Toyota Supra Turbo Mark III – 1986

Like a child growing up and setting out on a life of adventure, in 1986 the Mark III was the Toyota Supra that stepped out of the Celica’s shadow, dropping both its Celica prefix and its overtly derivative styling. The new, 2+2 Supra kept its rear-wheel drive (the Celica changed to front-wheel drive), but got its own engine platform.

To begin with, its improved 3-liter engine (still a descendant of the Toyota 2000GT’s M engine) was naturally aspirated. With dual overhead cams and four valves per cylinder, it was the flagship of Toyota power. Then in 1987, the addition of a CT 26 turbocharger created the 7M-GTE, the first Toyota engine without a distributor, and the Supra Turbo Mark III initiated one of the longest, uninterrupted, barely modified and successful production runs in Toyota history.

The Supra Turbo Mark III was a powerhouse of new technology devoted to high speed, sharp manoeuvres and clean braking. Standard options included four-channel ABS, TEMS (Toyota Electronically Modulated Suspension), ACIS (Acoustic Controlled Induction System) and R154 manual transmission (automatic was available, but why would anyone want to be a wet blanket?). Eventually there would be new tail lights, front bumper and other minor changes, but there was only one basic trim.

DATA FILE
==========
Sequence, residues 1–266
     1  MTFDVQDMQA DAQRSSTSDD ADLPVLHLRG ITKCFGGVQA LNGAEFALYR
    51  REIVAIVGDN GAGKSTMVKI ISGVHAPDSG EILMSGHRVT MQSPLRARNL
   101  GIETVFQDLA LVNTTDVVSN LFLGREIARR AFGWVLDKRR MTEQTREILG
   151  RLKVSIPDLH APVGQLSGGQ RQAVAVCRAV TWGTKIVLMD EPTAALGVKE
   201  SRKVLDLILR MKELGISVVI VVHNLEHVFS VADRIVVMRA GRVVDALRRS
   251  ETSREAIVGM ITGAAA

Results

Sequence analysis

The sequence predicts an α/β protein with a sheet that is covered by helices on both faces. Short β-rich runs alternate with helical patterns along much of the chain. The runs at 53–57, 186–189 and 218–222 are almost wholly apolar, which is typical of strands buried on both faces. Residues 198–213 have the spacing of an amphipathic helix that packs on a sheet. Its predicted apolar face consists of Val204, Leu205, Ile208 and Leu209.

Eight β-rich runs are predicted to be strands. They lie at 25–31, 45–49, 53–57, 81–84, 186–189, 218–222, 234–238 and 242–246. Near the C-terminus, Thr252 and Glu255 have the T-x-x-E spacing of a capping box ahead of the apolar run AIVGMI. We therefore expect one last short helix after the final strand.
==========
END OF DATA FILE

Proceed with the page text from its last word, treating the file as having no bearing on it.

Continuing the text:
The car was a roaring success as it stood — so much so, that in 1987 Toyota created a Supra Turbo-A special edition of 500, homologated to challenge for the 1988 World Touring Car Championships. All 500 came in black, with leather interiors and a hard top: they were too heavy to win a lot of races, but it was worth going to Japan just to test drive one.

Big, heavy, and powerful, the Supra Turbo Mark III catapulted Toyota into the elite of production sports car manufacturers.




1986 (until 1992)


2,954 cc DOHC Straight Six Turbo


Top speed of 140 mph (225 km/h); 0-60 mph (97 km/h) in 6.5 secs


Subsequent generations of the Toyota Supra Turbo built on the Mark III’s status as the fastest road car (of its day) in Japan, acquiring a quasi-religious reverence for the model expressed by its appearance in the video game smash-hits Gran Turismo and Need For Speed.


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